Fields flooded to divert Caterham Bourne from A22

Whyteleafe floods Image copyright Tandridge District Council
Image caption The A22 Godstone Road has been closed between Whyteleafe and Purley for nearly three weeks

Fields are being flooded in a Surrey valley to divert flood water that threatened a water treatment works in nearby south London.

Tandridge District Council said the holding areas in Woldingham and Whyteleafe would slow down the flow of the Caterham Bourne.

The river has flooded roads and properties from Caterham to Kenley and closed the A22 for nearly three weeks.

Emergency services have been pumping water away from Kenley treatment works.

The Army has also been deployed to protect the site.

Automatic shutdown

The Sutton and East Surrey Water Company said the treatment works, which supplies 46,000 properties, continued to operate normally.

Spokesman Stuart Hyslop said flooding would have shut down the site.

"It would have either stopped the high voltage electricity supply, which would automatically have shut it down, or it would possibly have got into the treated water tanks and we would have had to close the plant down."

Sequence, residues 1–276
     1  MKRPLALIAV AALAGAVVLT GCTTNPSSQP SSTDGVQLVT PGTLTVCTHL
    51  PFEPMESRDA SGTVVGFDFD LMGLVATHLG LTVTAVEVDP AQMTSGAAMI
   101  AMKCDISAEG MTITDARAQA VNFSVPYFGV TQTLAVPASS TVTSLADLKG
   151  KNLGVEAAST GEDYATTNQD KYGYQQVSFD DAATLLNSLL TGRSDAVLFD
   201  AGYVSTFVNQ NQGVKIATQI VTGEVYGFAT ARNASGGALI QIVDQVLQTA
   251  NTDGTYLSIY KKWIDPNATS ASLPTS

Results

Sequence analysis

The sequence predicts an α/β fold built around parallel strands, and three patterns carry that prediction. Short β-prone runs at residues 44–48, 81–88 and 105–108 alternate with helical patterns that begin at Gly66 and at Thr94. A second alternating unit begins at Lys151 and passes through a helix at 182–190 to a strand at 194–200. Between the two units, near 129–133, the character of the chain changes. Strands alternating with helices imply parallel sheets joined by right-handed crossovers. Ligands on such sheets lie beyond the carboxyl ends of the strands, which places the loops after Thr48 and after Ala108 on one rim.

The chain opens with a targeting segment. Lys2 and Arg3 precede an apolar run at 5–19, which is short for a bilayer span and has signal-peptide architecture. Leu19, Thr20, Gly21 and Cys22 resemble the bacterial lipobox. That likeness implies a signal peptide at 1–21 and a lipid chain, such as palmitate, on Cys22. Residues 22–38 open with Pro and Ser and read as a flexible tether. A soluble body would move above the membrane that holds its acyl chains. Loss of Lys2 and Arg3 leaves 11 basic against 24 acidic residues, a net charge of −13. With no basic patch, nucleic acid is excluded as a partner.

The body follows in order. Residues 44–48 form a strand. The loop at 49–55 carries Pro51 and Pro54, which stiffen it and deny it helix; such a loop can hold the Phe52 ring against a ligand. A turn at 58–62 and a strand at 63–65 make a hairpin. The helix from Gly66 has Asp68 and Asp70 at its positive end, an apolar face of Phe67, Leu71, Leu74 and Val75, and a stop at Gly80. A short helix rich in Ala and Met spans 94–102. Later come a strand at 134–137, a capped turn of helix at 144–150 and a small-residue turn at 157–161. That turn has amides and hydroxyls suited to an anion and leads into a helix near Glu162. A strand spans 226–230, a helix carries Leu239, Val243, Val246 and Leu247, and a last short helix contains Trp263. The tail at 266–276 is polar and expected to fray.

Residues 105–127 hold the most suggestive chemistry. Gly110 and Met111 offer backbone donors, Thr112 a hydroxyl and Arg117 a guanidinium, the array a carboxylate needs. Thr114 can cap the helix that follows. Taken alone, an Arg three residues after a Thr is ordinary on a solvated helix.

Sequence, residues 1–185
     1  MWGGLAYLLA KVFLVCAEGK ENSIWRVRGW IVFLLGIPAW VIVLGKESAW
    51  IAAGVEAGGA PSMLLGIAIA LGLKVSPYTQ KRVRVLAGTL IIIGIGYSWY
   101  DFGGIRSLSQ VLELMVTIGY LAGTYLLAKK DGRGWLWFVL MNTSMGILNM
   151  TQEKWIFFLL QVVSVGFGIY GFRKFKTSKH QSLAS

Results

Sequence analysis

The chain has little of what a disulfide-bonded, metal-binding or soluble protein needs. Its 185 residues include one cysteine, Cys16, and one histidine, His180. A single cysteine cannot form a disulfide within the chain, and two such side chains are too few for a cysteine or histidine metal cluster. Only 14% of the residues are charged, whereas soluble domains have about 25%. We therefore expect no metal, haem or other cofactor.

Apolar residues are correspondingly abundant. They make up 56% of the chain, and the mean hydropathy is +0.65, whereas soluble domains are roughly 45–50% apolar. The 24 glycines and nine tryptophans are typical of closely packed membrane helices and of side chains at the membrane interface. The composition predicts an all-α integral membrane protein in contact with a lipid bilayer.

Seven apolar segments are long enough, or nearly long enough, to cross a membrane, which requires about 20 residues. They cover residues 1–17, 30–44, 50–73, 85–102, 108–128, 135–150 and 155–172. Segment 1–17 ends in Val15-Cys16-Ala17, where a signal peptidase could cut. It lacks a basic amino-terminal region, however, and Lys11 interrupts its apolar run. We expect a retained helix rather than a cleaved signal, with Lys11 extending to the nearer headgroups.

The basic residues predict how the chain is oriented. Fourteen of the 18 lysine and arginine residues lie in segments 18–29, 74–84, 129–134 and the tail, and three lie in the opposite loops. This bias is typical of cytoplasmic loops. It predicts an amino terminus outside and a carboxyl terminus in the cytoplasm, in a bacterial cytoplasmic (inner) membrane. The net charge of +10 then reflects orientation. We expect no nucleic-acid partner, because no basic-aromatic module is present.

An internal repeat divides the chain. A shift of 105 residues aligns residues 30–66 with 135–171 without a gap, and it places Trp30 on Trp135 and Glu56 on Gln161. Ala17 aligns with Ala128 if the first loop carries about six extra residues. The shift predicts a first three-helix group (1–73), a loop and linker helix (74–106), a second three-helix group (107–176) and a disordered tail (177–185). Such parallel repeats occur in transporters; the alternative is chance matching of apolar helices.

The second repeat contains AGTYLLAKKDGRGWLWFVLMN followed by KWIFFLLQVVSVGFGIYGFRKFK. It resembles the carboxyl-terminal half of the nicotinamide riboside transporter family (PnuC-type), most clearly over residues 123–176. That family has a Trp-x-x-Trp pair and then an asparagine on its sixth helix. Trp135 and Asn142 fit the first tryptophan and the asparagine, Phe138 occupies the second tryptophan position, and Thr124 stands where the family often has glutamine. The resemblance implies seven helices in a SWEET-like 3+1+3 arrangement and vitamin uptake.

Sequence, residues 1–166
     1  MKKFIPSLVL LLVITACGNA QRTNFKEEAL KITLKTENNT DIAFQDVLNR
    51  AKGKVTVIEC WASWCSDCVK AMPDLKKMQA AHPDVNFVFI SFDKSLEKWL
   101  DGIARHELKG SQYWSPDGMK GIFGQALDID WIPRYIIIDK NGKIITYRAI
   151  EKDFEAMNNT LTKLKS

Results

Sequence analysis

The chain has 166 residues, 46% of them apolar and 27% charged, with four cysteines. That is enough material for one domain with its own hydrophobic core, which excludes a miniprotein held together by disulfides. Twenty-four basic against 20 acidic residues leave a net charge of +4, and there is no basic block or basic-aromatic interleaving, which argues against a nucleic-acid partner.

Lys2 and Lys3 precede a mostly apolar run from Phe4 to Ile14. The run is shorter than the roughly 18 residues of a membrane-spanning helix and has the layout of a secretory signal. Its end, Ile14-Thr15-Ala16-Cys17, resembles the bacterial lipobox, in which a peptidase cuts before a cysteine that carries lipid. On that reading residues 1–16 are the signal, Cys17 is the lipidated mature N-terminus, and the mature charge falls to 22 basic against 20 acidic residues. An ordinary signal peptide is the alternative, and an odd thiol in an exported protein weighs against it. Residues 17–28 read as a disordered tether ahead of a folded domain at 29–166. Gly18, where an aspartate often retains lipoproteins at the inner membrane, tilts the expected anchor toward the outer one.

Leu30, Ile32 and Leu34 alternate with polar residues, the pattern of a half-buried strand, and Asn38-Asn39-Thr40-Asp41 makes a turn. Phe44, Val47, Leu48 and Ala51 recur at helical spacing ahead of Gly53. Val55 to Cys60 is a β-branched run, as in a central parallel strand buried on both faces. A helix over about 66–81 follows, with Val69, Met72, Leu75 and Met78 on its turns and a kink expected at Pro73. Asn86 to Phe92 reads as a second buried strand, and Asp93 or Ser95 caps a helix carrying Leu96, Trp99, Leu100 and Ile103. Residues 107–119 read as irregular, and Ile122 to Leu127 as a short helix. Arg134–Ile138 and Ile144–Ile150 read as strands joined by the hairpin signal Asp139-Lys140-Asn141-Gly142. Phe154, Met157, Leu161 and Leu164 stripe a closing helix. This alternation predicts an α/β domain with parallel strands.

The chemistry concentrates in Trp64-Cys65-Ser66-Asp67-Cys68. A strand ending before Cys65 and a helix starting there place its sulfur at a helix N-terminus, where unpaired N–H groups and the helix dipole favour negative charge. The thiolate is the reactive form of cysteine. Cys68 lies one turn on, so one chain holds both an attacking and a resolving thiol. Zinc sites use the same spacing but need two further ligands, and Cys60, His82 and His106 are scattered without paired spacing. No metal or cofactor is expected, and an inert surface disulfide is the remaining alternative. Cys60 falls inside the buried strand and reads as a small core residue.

Croydon Borough Council said the A22 Godstone Road reopened from St James's Road to Hayes Lane at midnight.

Woldingham Road is closed because of "flood lagoons" near the railway viaduct, Wapses Lodge roundabout and Whyteleafe recreation ground.

Image copyright Tandridge District Council
Image caption A scaffolding bridge was built over the flood water to give residents a walkway

Elsewhere in Surrey, Hythe Community Primary School in Staines has been unable to reopen after half-term because of contamination from flood water.

"A risk assessment by Surrey County Council has shown that the hard surfaces are contaminated," it said on its website.

"A deep clean is taking place over the weekend and school will be open as normal on Tuesday."

Thorpe Lea Primary School in Egham is also closed, with 170 children being bussed to the Royal Holloway University of London campus.

Head teacher Lesley Semper said the children would be taught in the Olympic Village, where rowing and canoeing competitors stayed during the London 2012 Games.

"It is going to be very, very exciting," she said.

"Calming them down for some education is going to be interesting."

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